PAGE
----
Whenever I read an incredible book, I like to search up the author and see if they have published other works because chances are, if I enjoyed one of their books I will also enjoy the others. Once such example is Andrea Portes. After reading Liberty (see my review here), I decided to read some more of her work, hence my review on The Fall of Butterflies. I am disappointed to say that I enjoyed The Fall of Butterflies less than I did Liberty, but found it a good read nonetheless.
The story starts with our protagonist, Willa Parker leaving her small town of What Cheer, Iowa to attend a fancy prep school her mother has chosen for her. Willa doesn’t see how a new life in the East will help her, and having hardly been able to fit in Iowa, she knows she will never fit in with the wealthy students of Pembroke Prep. Determined to lay low until she can find a way to escape, even if it means taking her own life, Willa goes by unnoticed by the students of Pembroke Prep on her first day at school. She is a little surprised, but mostly relieved. Her plan to lay low is demolished the next day, though, when a glittering, elusive, and rich girl takes the empty seat beside her in class.
Suddenly, Willa is thrown into the spotlight as the best, and maybe only friend of the infamous Remy Taft. With Remy, Willa finds the best friend she never had, and never knew she needed. Remy makes her feel like there is more to her life that is worth being alive to see. But even if being with Remy is the only way Willa can feel at home at Pembroke Prep, Remy has a way of disappearing when she is needed most, and hurting those closest to her. Willa wonders if Remy is destined to spin out of control, and if she’s going to get dragged down with her.
The Fall of Butterflies gets an 8/10. A plot should never ever be just about one person’s relationship with the other. Even in a romance (which this book is not) there should be subplots in order to distract the reader and provide relief from obsessing over one character. The Fall of Butterflies was heavily centered on Willa’s relationship with Remy, almost to the point of obsession and there were only a few weak subplots that didn’t provide the reprieve needed from the main plot itself.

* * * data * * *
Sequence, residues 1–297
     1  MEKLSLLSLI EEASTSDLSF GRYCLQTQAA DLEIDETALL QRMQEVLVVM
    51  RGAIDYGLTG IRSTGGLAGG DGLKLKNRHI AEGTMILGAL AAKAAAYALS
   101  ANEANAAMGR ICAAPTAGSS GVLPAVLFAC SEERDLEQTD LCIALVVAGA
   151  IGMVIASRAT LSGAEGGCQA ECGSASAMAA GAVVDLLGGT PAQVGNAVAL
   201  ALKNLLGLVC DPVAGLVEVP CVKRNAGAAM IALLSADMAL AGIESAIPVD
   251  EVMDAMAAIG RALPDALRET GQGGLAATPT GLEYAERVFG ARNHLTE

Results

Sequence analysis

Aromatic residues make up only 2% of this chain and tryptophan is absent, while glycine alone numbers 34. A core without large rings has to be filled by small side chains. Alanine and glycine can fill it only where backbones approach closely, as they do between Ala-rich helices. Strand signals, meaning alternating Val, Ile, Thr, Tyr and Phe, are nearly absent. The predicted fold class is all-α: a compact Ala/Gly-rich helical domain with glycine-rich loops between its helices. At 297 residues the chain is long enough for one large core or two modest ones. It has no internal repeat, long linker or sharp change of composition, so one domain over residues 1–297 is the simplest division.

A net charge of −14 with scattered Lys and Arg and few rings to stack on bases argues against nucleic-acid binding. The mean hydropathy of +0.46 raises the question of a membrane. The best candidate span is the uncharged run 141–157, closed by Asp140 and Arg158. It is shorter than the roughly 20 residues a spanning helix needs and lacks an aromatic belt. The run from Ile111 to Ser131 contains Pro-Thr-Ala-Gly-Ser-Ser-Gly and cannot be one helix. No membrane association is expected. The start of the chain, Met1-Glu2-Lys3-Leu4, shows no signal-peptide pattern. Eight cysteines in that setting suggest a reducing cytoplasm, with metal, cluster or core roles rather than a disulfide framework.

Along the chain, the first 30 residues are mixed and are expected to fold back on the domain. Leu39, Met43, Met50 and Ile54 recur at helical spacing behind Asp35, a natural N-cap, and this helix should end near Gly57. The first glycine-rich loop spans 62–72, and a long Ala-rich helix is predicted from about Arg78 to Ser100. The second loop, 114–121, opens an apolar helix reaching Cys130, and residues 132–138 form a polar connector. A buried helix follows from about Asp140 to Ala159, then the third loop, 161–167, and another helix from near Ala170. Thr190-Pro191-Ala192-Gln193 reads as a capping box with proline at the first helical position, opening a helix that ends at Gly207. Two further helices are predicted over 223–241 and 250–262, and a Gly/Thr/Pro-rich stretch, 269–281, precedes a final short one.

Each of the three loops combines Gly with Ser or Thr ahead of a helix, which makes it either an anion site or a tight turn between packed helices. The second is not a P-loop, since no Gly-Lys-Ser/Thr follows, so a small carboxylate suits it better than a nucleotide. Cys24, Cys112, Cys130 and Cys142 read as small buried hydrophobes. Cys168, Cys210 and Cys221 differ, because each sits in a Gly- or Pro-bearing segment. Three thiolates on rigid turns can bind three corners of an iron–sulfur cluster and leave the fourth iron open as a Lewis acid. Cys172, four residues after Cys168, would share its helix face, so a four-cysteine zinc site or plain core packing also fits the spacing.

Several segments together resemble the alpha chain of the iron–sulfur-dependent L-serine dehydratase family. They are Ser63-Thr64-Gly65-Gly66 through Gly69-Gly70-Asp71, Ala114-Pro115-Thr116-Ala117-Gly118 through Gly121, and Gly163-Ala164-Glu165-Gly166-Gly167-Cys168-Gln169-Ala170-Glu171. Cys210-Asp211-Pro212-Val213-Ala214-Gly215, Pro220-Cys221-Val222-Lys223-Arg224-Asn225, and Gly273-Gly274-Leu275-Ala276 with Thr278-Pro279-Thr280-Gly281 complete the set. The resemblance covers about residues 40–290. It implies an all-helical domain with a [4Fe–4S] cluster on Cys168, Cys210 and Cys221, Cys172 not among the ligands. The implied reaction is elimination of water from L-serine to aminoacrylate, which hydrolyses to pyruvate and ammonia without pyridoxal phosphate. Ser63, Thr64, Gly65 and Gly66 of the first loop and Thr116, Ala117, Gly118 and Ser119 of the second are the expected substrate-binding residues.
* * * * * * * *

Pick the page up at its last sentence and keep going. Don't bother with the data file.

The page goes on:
In any other book, this plot would’ve likely have led me to put the book down and not finish reading. But The Fall of Butterflies has everything else (other than the plot) perfect. Willa’s character especially is what saved this book. She’s sharp, quick, and absolutely hilarious even when she doesn’t mean to be. Willa also has insecurities, she is deep, insightful, heavily flawed, and she’s irrefutably real. Another thing I loved about The Fall of Butterflies? The dialogue. It’s incredibly difficult to get natural-sounding dialogue, but Andrea Portes managed to do just that; her characters act and talk like real-life teenagers.
The Fall of Butterflies is a coming-of-age story that discusses mental health, friendships, drugs and other difficult subjects. The plot line could’ve been improved, but the characters and the meaningful essence of the book is still there.